In 2017, revelations of rampant sexual harassment and assault in the entertainment industry sparked an outpouring of testimonies from women and girls across the globe, who began to share their stories accompanied, on social media, by the hashtag #MeToo. It showed that, despite gains for equality in many parts of the world, sexist treatment and abuse remains a pervasive and universal problem. Unsurprisingly, the political sphere has also been a focal point of allegations, and in the European Parliament, a group of young feminists are determined to fight back. Journalist Beatrice White speaks to campaigners and MEPs about their experiences, the progress made so far, and where the struggle still needs to go.
The political arena, with its heightened power dynamics, provides fertile ground for abusive behaviour. Admissions of wrongdoing can be damaging for the reputations of both individuals and parties, and the adversarial nature of political work mean that sexist comments and treatment are often taken on the chin, as speaking out can have serious consequences for a budding career. A 2018 study looking at female members of parliament and parliamentary staff across Europe found that around 70 per cent had experienced sexist comments, over half had been the target of online sexist attacks, and almost a quarter had suffered some form of sexual violence.
The European Parliament is no exception. German Green Member of the European Parliament (MEP) Terry Reintke, who has been highly vocal on the issue, points to a wider lack of gender balance in the European Parliament which creates unfavourable conditions for tackling sexual harassment: “Although it’s better than it was, the number of women goes down when you look at higher positions in the parliament – presidents, group leaders, committee chairs…”. The European Parliament has had to face up to its failings after activists founded the MeTooEP movement, seeking to shed light on the situation and end the prevailing culture of silence.
Jeanne Ponté, who would go on to co-found MeTooEP in 2018, began working as an assistant to an MEP in 2014. As a young woman working in a male-dominated policy area, she quickly realised how much she would have to fight to be taken seriously. The sexist assumptions and remarks she encountered were constant and unavoidable. “I was not surprised, but rather disappointed and exhausted by it,” she says. What disturbed her most was the level of resignation and apathy she observed from others in the face of this blatant sexism: “I was told so many times that I had to get used to it and be less sensitive because that’s just what politicians are like and it will never change.”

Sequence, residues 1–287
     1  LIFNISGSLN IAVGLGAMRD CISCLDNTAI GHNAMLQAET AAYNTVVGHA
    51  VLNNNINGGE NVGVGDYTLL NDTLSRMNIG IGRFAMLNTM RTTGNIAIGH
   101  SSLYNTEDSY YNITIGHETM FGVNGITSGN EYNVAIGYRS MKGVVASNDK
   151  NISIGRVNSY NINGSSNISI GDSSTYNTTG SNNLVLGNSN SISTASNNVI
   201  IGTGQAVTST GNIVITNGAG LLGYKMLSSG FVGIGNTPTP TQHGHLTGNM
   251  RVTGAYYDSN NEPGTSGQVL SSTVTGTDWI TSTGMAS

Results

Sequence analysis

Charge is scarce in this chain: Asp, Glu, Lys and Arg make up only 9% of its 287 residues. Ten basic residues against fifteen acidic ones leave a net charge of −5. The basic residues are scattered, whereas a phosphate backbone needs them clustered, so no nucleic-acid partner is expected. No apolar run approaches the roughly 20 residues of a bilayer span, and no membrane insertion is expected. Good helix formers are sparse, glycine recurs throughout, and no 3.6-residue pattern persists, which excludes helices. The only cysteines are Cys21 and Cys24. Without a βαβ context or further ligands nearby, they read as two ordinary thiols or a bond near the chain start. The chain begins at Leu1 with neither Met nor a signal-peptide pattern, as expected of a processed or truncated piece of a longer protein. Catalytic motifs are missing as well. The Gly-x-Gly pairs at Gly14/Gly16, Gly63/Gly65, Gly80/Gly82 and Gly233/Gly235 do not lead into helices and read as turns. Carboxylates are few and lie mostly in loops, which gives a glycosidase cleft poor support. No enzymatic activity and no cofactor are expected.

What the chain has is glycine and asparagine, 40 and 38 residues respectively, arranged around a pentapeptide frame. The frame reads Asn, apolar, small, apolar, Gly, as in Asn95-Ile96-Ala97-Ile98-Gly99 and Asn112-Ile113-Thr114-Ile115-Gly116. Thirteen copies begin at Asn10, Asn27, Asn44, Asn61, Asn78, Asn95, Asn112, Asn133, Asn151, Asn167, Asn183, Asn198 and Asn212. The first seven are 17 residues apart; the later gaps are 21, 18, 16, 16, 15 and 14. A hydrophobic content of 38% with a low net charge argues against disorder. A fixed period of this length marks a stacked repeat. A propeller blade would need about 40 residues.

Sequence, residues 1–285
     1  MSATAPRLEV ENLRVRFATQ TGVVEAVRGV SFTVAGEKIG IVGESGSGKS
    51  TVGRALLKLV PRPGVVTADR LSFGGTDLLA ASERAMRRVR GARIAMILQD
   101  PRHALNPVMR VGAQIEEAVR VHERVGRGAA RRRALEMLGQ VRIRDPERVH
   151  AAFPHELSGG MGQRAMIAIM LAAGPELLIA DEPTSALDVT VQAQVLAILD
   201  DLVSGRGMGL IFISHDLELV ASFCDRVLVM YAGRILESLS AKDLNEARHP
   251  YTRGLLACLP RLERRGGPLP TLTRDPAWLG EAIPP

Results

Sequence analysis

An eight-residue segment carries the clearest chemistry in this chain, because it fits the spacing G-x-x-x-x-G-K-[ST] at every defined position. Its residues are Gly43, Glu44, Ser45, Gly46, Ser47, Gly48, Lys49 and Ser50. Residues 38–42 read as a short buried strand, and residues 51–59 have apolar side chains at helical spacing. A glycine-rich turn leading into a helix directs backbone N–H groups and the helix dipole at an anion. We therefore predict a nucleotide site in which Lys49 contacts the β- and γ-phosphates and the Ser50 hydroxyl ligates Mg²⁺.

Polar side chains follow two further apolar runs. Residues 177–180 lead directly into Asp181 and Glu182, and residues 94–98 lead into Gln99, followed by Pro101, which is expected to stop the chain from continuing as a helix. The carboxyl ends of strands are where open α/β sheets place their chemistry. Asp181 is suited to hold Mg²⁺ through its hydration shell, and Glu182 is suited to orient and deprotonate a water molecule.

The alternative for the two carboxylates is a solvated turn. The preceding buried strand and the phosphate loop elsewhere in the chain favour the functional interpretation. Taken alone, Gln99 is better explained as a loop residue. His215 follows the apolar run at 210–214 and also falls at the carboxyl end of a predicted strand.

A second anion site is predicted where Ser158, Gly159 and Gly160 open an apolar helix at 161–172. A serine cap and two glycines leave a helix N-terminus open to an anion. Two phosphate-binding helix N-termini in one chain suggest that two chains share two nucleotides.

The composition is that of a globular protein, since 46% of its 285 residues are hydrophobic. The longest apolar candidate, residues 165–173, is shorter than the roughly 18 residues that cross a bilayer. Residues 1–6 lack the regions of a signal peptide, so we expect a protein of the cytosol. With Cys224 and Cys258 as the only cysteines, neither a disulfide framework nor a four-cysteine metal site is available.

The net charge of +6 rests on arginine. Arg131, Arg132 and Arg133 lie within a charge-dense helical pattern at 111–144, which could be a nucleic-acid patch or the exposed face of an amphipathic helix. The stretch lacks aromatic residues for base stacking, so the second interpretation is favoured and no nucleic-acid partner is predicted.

the notebook triggered an outpouring of testimonies, and dozens of parliamentary staff contacted Ponté to share their experiences.
Following an unwanted advance after just a few weeks on the job, Ponté resolved to do something about it: she decided to keep a notebook documenting incidents of ‘everyday sexism’ in the European Parliament recounted to her by colleagues or that she witnessed herself. “Writing was a way of not getting used to it and fighting back. It became a place of solidarity between workers, whereas the political world is a place of competition,” she says. Between 2014 and 2017, she gathered more than 80 testimonies from workers of all different backgrounds, nationalities, and positions in the parliament.
Ponté’s notebook came to public attention in late 2017 after her MEP mentioned it on local radio. The story was soon picked up by national and European media. As the attention snowballed, Ponté found herself at the centre of a media storm. As elsewhere, these revelations proved to be the tip of the iceberg. News of the notebook triggered an outpouring of testimonies, and dozens of parliamentary staff contacted Ponté to share their experiences. The MeToo movement had well and truly arrived at the European Parliament.
High hopes for change
The interest surrounding the notebook provided the impetus for an attempt to reform the parliament’s structures and procedures for dealing with sexual harassment and assault, and Greens in the European Parliament seized this opportunity to push for institutional change, explains Blanca De Riquer Gatell, Advisor on Women’s Rights and Gender Equality for the Greens/EFA Group in the parliament.
In October 2017, the European Parliament adopted a resolution on combatting sexual harassment and abuse in the European Institutions. “The resolution was a Greens/EFA proposal. We could see the momentum was there to start shedding light on the silent reality,” says De Riquer, who is also one of the founding members of the MeTooEP movement. The reason for the culture of silence and impunity in the European Parliament, according to De Riquer, is largely due to the ineffectiveness of the current complaints process, which the resolution sought to reform. Currently, there are two committees: an Advisory Committee dealing with harassment complaints between Accredited Parliamentary Assistants and MEPs, and a staff advisory committee for parliament staff on harassment prevention. The former was established in April 2014 and since then has dealt with 16 cases, all of which chiefly concerned allegations of psychological harassment. Until recently, it consisted of three MEPs, one representative on behalf of assistants, and one on behalf of the parliament’s administration.